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TC's Fiona Hollands: College Renders Social and Economic Benefits

College graduates reap social and economic benefits that non-graduates do not, says TC's Fiona Hollands on discovery.com. “You’re going to end up earning more over your lifetime if you attended college than if you only attended high school or part of college,” Hollands says. "From a social and economic perspective, you’re better off going to college.”

Before online programs are considered equal in value to the residential college experience, Hollands adds, they will need to prove their quality to employers. Because the alternative programs are so new, nobody has studied the success rates of students who emerge from them — or compared outcomes with more traditional degrees. That makes it too soon to determine how they will compare to traditional programs.
 
“Until employers are willing to accept alternative credentials or evidence of skills and knowledge, a college education is still the fastest ticket to a job,”
she says .  “I’m not going to tell my kids to skip college at this point.”


Hollands is Adjunct Associate Professor of Education and Associate Director and Senior Researcher at the Center for Benefit-Cost Studies of Education at Teachers College (CBCSE). Her research uses cost-effectiveness analysis to demonstrate how policymakers can optimize education resources. Her recent studies address high school completion, early literacy and online learning.

Recently, Hollands completed a study of Massive Open Online Courses (MOOCs) entitled “MOOCs: Expectations and Reality,” to understand the goals of institutions that are developing and delivering these courses, their costs, impact on educational outcomes, and expectations for whether and how this phenomenon may change the landscape of learning over the next few years.

Hollands is also part of a CBCSE team that is developing an online tool to facilitate cost and cost-effectiveness analyses by other researchers and education decision-makers. The goal is to promote greater attention to issues of productivity of education.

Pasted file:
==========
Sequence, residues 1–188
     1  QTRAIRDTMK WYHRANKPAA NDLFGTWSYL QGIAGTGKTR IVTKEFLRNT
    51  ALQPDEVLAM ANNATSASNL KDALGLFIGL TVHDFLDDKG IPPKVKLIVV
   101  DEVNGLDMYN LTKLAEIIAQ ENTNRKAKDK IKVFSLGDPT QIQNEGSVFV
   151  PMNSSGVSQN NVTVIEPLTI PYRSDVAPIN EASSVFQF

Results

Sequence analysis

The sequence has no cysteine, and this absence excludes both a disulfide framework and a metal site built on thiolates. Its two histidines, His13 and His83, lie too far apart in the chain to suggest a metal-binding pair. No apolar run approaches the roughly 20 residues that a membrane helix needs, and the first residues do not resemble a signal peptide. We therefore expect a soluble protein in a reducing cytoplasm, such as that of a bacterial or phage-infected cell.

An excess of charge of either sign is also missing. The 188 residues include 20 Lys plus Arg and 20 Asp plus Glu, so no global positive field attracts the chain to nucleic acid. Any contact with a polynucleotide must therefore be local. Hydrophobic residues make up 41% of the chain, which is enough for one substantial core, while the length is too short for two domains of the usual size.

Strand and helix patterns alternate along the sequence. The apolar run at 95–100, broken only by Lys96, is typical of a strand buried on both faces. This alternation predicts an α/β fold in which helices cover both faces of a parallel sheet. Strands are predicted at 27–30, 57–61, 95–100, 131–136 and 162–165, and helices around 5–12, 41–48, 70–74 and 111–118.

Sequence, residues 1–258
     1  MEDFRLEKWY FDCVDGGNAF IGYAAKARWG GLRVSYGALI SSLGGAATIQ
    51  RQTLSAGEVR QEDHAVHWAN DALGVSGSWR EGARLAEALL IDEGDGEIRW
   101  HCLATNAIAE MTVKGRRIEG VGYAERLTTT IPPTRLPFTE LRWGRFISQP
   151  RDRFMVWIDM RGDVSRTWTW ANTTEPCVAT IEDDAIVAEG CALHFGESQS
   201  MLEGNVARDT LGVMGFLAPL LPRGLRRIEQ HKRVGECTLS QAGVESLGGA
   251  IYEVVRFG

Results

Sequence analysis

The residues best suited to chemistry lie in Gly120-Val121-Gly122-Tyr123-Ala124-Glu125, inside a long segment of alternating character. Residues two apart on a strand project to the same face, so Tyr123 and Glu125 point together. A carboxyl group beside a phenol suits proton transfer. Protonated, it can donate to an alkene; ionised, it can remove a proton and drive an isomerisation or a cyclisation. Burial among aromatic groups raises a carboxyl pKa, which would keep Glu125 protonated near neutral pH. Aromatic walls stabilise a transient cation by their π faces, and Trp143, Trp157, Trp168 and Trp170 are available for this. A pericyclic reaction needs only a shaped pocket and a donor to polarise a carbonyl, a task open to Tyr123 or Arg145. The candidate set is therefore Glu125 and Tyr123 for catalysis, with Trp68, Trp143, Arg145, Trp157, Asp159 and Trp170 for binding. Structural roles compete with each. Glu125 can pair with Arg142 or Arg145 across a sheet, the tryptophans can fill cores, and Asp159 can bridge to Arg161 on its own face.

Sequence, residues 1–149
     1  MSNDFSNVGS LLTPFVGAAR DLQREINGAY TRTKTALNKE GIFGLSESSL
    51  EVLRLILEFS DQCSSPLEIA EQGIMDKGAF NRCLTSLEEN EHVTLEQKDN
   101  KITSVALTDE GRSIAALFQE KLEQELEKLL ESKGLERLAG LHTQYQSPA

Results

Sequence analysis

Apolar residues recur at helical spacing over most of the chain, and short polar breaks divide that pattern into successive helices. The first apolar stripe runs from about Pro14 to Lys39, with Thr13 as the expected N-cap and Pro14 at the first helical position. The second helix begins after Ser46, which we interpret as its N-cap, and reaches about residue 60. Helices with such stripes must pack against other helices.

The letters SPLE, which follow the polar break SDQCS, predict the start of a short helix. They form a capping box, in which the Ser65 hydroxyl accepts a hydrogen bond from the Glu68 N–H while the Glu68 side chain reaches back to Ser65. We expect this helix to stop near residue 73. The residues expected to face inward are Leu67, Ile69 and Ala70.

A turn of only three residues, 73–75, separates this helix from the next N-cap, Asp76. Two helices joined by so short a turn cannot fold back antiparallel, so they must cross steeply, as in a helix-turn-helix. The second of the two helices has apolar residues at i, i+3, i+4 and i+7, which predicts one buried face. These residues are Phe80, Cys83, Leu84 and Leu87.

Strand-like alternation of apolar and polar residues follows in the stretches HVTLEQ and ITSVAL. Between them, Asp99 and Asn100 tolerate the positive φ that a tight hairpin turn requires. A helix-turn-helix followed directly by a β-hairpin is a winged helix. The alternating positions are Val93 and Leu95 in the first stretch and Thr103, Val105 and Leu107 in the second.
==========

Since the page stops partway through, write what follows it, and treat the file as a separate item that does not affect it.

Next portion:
Published Tuesday, Oct. 20, 2015

TC's Fiona Hollands: College Renders Social and Economic Benefits

College graduates reap social and economic benefits that non-graduates do not, says TC's Fiona Hollands on discovery.com. “You’re going to end up earning more over your lifetime if you attended college than if you only attended high school or part of college,” Hollands says. "From a social and economic perspective, you’re better off going to college.”

Before online programs are considered equal in value to the residential college experience, Hollands adds, they will need to prove their quality to employers. Because the alternative programs are so new, nobody has studied the success rates of students who emerge from them — or compared outcomes with more traditional degrees. That makes it too soon to determine how they will compare to traditional programs.
 
“Until employers are willing to accept alternative credentials or evidence of skills and knowledge, a college education is still the fastest ticket to a job,”
she says .  “I’m not going to tell my kids to skip college at this point.”


Hollands is Adjunct Associate Professor of Education and Associate Director and Senior Researcher at the Center for Benefit-Cost Studies of Education at Teachers College (CBCSE). Her research uses cost-effectiveness analysis to demonstrate how policymakers can optimize education resources. Her recent studies address high school completion, early literacy and online learning.

Recently, Hollands completed a study of Massive Open Online Courses (MOOCs) entitled “MOOCs: Expectations and Reality,” to understand the goals of institutions that are developing and delivering these courses, their costs, impact on educational outcomes, and expectations for whether and how this phenomenon may change the landscape of learning over the next few years.

Hollands is also part of a CBCSE team that is developing an online tool to facilitate cost and cost-effectiveness analyses by other researchers and education decision-makers. The goal is to promote greater attention to issues of productivity of education.

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